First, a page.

Health Savings Accounts allow you to contribute money to your HSA through enrolling in a Qualified High Deductible Health Plan. These plans also sometimes are referred to Section 125 Plans or Cafeteria Plans. An HSA allows your employer to deduct from your salary a specified amount of money that is intended to pay for medical expenses. This money is deducted from your pre-tax income. To be eligible for an HSA, you must be financially responsible for the first $1,300 of your eligible medical expenses as a single adult or $2,600 for family coverage. Any amount of money contributed to an HSA is deducted from your pre-tax income. No requirement mandates the use of your HSA contribution by a specific date; however, there is a cap on how much money you can contribute each calendar year.

Health Checkup

Essentially, a Health Savings account is a modified bank account. HSA withdrawals can be made for any qualified medical expense specified in IRS Publication 502. Qualifying expenses include both medical and dental expenses. OTC medications are not qualified without a medical doctor's prescription. Health Savings Accounts may be used for your own medical expenses, for your spouse, or any dependents who you claim on your taxes up to the age of 26 years.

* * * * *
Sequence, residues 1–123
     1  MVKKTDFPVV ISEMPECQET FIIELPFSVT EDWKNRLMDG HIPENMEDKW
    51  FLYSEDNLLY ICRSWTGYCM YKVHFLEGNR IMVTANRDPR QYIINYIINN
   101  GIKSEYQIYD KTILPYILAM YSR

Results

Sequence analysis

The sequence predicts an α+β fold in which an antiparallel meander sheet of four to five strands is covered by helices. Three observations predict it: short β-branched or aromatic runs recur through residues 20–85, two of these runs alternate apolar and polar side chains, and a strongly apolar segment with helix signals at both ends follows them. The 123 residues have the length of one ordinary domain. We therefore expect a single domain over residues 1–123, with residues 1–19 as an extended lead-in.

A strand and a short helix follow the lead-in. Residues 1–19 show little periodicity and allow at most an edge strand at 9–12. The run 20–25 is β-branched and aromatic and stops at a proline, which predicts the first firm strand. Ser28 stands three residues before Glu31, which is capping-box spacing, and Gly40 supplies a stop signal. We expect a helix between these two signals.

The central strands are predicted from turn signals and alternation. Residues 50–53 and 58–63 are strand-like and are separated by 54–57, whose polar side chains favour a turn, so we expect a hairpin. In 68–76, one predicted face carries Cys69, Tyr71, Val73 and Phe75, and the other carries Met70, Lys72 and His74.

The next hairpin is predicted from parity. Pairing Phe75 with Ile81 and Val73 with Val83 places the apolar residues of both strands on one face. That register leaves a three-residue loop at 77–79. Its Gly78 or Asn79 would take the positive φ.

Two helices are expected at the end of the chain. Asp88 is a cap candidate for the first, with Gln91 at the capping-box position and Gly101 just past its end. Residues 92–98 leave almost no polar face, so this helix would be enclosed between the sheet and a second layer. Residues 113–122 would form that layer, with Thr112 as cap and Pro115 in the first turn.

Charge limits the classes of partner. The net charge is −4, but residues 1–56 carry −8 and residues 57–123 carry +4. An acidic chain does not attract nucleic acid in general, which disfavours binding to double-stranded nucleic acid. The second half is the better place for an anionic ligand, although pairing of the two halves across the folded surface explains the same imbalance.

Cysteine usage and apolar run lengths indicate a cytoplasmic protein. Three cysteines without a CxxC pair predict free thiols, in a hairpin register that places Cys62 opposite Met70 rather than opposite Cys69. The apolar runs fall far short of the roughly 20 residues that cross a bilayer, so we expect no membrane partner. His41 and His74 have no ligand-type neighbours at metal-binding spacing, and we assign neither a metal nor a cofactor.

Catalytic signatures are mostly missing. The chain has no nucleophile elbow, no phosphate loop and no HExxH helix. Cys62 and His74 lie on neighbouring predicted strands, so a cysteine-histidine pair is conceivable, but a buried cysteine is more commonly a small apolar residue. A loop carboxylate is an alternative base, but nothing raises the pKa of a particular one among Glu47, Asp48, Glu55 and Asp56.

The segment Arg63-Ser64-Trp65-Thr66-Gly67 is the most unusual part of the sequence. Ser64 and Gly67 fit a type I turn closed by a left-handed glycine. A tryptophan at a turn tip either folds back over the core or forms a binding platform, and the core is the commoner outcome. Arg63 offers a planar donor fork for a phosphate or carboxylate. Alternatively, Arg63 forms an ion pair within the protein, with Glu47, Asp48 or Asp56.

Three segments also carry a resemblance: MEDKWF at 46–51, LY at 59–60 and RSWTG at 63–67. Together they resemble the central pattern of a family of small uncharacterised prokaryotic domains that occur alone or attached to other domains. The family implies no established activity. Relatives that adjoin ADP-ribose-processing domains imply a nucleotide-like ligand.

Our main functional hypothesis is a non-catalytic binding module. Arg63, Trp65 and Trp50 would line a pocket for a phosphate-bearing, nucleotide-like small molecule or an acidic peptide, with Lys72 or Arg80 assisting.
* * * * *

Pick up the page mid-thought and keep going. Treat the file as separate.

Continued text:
Flex Spending Accounts (FSA)

Flex Spending Accounts are accounts in which you can put money that is deducted from your paycheck. Like the HSAs, FSAs are also taken from your pre-tax income. You do not pay Federal, State or FICA taxes on money put into your FSA. Your gross wages, Social Security wages, and Medicare wages will be reduced on your taxes by the amount of money that you contributed to your FSA during the calendar year. A signed salary redirect agreement is required each year that you contribute to an FSA. You also must choose an amount of money to contribute to your account during the plan year. Both the salary redirect agreement and amount of money to be directed to the FSA must be submitted before the plan year begins. The amount of money that you contribute cannot be rolled over from year to year. Some FSA plans allow for an additional time period after the end of the plan year to use the money from the previous plan year. Other FSA plans require you to use all the contributed money within the plan year. The entire amount of money that you contribute is available for reimbursement to you the first day of the plan year; therefore, you will not be allowed to make changes to that amount during the plan year unless you have a change of family status.